I'm amazed you say that slideware is "a better alternative". A whiteboard, chalkboard, flipchart, theatrical sketch, prop, song, or just my voice, face and body can be be better than slideware in many situations, either because it is more memorable, more interactive or more flexible. Slideware is better in some situations, but certainly not all.

Slideware (under any name) is a broadcast medium. But the function of a conference is communication, not broadcast.

This is not like banning email and making folks use a pen and paper; it is like saying "no mail today, walk over there and talk about it".

All the best,

Adam Lawrence
Work•Play•Experience blog

5:20 AM  
Blogger Dave Paradi said...


Thanks for your perspective on the topic. Any good communicator will know, as you say, that different tools are best in different circumstances.

The problem with this situation is the assumption that by banning PowerPoint, it will naturally lead presenters to do what they should be doing in the first place: analyzing the audience, structuring their message, and deciding how visuals could enhance what they want to say. If the presenters aren’t doing that now, I don’t think we can assume that just by banning PowerPoint, they will magically “see the light”.

I can see the presenters writing out their talk in Word instead of PowerPoint and reading it to the audience, without ever giving a thought to how to properly use a flipchart or whiteboard. If they don’t know how to use visuals properly now, changing the tool isn’t going to help.

When using tools in home renovations, my experience is that when you see a buddy use a new tool or use one in a new way, you see how much more effective it could be. But just seeing the tool on the shelf at the hardware store doesn’t help you see how it could be used to save you time or get the job done better.

That’s why I think we need to educate presenters so they can see a better way. I don’t think we can assume they will see the better way just because we change the tools they can use. If they haven’t figured it out by now, chances are low that they will spontaneously “get it”.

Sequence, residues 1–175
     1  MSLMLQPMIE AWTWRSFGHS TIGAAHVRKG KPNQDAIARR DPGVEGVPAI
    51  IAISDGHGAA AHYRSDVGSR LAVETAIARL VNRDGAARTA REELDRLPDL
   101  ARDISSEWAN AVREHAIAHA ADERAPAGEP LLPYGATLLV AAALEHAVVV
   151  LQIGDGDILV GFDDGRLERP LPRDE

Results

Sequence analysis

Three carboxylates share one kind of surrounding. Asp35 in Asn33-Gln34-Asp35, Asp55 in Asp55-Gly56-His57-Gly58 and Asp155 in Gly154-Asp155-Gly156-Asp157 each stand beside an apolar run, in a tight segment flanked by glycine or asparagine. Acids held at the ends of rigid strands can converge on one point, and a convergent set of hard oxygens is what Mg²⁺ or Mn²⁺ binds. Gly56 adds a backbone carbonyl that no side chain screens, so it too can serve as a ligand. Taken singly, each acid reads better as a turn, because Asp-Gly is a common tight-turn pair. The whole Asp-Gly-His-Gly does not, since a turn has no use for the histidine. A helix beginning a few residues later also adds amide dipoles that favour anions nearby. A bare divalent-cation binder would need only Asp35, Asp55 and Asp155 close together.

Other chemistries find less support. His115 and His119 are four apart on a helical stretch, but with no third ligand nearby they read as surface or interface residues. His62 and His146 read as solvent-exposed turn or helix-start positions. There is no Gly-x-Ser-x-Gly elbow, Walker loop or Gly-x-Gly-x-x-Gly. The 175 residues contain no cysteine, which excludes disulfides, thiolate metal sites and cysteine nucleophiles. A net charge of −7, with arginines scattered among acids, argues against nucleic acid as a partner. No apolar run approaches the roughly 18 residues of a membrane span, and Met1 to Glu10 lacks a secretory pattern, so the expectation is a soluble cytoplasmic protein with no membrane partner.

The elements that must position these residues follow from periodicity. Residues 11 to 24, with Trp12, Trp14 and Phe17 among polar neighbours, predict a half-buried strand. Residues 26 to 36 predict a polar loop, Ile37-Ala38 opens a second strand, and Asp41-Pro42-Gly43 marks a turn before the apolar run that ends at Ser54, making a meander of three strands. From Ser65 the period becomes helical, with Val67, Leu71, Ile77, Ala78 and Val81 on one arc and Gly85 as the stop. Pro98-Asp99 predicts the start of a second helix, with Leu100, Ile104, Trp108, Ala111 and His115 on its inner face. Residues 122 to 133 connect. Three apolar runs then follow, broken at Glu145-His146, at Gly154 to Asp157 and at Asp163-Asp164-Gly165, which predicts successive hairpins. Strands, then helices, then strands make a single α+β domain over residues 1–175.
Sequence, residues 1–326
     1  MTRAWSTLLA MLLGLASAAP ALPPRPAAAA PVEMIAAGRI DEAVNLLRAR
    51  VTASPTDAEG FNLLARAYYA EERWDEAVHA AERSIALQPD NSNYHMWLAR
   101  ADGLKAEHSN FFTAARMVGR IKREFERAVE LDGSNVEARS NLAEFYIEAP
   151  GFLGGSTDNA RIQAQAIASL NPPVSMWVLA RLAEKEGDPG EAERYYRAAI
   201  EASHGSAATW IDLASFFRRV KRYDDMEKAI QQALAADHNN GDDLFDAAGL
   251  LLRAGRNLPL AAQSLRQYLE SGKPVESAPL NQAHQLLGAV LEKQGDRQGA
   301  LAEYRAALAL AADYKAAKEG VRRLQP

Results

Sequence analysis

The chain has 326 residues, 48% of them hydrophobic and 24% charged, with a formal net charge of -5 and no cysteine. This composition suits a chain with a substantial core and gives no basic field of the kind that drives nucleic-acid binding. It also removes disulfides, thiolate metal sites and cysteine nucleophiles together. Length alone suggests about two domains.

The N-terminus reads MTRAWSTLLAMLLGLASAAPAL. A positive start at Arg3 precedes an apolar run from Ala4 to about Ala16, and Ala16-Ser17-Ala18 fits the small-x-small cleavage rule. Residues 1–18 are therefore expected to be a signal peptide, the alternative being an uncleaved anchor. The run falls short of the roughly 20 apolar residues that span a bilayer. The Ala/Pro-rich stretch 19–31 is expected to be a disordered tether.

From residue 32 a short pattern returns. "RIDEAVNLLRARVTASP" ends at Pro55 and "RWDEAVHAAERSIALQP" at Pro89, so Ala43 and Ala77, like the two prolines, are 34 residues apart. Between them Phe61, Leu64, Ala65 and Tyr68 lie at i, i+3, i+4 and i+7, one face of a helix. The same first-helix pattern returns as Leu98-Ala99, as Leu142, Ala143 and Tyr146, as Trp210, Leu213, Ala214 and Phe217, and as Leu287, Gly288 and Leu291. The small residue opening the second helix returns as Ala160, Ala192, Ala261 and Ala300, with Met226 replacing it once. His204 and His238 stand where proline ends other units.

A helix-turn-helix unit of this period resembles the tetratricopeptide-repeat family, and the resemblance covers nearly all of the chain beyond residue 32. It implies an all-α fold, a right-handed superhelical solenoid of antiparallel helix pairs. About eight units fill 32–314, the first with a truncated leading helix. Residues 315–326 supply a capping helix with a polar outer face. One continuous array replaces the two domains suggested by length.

5:01 AM  
Blogger Richard I. Garber said...


One surgical conference got better presentations by requiring prior submission of a manuscript. See: my blog post about the ASCRS

I agree that banning PowerPoint isn't the solution, because that isn't the problem.


9:36 AM  
Blogger Adam StJohn Lawrence. said...

Hi Dave,

thanks for the comeback.

I am sure that we will see mixed results, but at least people are forced to recognise that there is a problem, and some of them are going to improve. :)

All the best,


2:43 PM  
Blogger Samantha Nienow said...

Well said, Dave. Thanks for your thoughtful article. With so much hype on how bad the tool (PowerPoint) is, it's refreshing to have the discussion turn to the real problem--the lack of understanding what makes a good presentation.

I have a friend that's a professional photographer. She had a random person come up to her during a tradeshow to tell her that her camera took nice pictures. The camera is only the tool, of course. It's the professional taking the picture using the camera that is responsible for the great composition.

The same is true for PowerPoint, Keynote and Prezi. These are only tools.

11:42 PM